You’re shopping for tile for your upcoming remodel or home project, and you’ve narrowed down the options to a few of your favorites. Now, you’re trying to decide what tile finish will suit your home’s design and your personal tastes. The choices are plentiful: from polished and glazed to matte and natural. Then there’s another popular finish—honed. You may be wondering, “What does honed mean?”
Let’s take a look at some examples of honed tile to help you make your decision.
What is Honed Finish?
Simply put, honed means that a stone’s surface has been ground down slightly to achieve a consistent, smooth texture and flat, matte finish. For some natural stone types that are naturally polished, like marble and granite, honing removes the reflective surface in favor of a matte appearance. Other stones have an inconsistent, bumpy or ridged surface, and honing grinds those down to create a uniform texture.
As a result of this process, honed tile or slab is not shiny. However, some honed surfaces can appear more reflective after installation if certain sealants are applied.
Most natural stones are available in honed finishes. Travertine, marble, limestone, granite and soapstone are a few stones that you can find with a honed finish. Certain varieties of porcelain, quartz and other engineered surfaces can also be produced with a matte finish for a honed look.
Honed vs. Polished Tile and Slab
Before you decide between honed, polished or other stone finishes, there are a few factors to consider. Let’s take a look at how they stack up to one another.
Appearance: In general, polished slab and tile will appear shiny, slick and reflective, while honed tile is matte and satiny. This stunning Black Mist Honed granite, is an excellent example of a honed slab—it reflects very little light compared to the classic polished granite varieties.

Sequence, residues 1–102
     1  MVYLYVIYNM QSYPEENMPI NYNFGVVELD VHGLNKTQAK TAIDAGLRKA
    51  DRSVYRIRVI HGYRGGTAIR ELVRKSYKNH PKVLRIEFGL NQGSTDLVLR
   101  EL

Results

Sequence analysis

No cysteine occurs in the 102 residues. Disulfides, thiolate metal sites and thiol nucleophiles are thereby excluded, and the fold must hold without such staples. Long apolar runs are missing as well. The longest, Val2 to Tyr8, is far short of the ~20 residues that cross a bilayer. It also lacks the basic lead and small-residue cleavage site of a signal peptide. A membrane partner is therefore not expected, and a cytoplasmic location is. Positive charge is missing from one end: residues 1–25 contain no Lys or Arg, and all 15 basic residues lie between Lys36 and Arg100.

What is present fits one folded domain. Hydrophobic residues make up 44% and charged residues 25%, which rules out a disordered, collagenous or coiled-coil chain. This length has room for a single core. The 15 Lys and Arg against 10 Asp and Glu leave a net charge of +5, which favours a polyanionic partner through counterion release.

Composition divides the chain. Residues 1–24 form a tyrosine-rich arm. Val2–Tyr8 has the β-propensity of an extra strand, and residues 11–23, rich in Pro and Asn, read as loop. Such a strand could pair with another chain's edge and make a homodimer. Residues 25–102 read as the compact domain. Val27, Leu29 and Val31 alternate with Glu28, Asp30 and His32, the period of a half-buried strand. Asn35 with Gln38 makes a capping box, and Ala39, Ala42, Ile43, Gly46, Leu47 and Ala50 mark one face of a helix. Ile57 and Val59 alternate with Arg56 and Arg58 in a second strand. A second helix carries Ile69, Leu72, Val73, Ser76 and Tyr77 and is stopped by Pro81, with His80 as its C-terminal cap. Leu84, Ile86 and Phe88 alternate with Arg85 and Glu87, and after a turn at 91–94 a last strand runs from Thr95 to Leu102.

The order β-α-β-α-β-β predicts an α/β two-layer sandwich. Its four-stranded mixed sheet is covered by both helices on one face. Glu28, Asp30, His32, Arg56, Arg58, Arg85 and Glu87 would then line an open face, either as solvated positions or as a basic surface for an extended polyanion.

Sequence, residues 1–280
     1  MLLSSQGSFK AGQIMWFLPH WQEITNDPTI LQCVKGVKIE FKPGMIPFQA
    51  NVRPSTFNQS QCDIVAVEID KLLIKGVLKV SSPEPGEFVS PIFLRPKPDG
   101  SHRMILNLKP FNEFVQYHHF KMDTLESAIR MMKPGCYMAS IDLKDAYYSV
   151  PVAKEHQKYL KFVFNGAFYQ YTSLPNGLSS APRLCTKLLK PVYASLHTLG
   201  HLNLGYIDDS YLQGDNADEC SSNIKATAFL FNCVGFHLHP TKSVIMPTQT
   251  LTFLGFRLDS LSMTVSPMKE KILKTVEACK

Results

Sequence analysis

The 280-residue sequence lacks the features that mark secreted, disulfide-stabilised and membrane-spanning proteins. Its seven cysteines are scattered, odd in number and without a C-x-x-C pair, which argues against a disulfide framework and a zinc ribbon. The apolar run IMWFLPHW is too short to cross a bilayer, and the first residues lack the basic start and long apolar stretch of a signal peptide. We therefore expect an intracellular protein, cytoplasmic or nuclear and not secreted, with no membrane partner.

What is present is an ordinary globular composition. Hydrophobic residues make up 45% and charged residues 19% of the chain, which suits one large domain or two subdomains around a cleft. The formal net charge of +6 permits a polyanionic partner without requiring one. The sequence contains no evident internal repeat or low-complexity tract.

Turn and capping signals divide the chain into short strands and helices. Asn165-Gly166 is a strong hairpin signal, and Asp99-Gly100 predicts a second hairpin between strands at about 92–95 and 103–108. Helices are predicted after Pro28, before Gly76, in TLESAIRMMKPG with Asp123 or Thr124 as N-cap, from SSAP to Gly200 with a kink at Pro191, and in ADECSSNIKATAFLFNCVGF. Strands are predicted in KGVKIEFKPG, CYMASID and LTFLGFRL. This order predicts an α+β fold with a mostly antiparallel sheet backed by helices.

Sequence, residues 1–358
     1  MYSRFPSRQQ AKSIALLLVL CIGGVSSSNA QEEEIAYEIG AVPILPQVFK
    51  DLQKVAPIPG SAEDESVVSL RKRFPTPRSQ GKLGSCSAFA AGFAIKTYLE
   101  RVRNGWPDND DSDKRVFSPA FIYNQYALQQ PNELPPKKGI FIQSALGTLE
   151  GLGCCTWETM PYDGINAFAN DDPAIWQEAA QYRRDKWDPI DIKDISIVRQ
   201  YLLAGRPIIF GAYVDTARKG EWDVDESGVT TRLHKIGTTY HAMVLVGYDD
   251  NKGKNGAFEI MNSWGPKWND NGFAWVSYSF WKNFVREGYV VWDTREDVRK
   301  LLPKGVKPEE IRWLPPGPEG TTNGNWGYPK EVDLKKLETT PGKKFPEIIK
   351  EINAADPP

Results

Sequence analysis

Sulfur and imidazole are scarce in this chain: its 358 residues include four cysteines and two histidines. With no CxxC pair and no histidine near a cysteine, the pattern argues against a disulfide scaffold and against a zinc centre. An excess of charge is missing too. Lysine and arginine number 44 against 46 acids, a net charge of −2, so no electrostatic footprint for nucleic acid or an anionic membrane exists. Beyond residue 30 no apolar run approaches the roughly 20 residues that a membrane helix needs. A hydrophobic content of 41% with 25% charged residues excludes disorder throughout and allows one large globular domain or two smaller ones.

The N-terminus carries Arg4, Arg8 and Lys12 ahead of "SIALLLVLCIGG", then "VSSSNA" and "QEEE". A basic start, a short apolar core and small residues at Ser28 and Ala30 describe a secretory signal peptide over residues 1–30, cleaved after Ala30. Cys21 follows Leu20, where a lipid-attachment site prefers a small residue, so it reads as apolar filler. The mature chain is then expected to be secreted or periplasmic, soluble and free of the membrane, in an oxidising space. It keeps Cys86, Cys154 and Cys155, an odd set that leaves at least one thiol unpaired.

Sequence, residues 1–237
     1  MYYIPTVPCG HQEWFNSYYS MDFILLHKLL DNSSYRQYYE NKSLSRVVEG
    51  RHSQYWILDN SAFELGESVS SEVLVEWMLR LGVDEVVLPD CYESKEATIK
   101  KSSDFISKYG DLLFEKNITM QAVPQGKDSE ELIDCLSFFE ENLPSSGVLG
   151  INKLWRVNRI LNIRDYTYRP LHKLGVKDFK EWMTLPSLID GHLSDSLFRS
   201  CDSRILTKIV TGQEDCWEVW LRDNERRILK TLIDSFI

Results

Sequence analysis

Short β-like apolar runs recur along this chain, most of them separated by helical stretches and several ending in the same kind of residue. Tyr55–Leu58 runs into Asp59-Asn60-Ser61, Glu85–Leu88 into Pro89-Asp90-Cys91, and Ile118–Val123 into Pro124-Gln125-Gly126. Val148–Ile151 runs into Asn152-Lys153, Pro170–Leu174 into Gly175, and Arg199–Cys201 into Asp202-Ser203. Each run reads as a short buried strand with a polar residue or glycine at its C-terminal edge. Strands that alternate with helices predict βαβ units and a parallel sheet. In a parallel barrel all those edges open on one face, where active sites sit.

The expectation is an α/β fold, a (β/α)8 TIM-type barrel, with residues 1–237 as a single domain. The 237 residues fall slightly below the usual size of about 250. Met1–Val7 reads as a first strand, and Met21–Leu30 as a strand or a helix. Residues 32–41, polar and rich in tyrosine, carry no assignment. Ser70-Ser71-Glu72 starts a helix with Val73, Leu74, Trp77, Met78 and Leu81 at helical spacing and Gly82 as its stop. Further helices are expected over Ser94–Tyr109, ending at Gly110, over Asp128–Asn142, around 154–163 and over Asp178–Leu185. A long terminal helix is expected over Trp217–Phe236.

Slip Resistance: Honed marble and granite are more slip-resistant than polished stone, making honed finish a good choice for areas that are likely to get wet. Bianco Carrara Honed is beautiful and practical on this bathroom floor.
High Traffic: Honed tile is often a better option for floors that get a lot of foot traffic. A polished surface can become dull with everyday wear and tear, while a honed finish is less likely to show wear.
Scratch Resistance: Because less light reflects on honed surfaces, scratches are not as visible on honed tile as they are on a polished surface. This makes honed slab, like the elegant Montpelier Gray, a good choice for countertops.
Stain Resistance: To prevent staining, you must take extra care to clean up spills immediately. Honed and polished slab and tile both require regular maintenance and usually need to be re-sealed every 6-12 months to ensure optimal performance and beauty.
See how beautifully honed tile or stone would adorn your home or business with the Just Imagine Visualizer from Arizona Tile.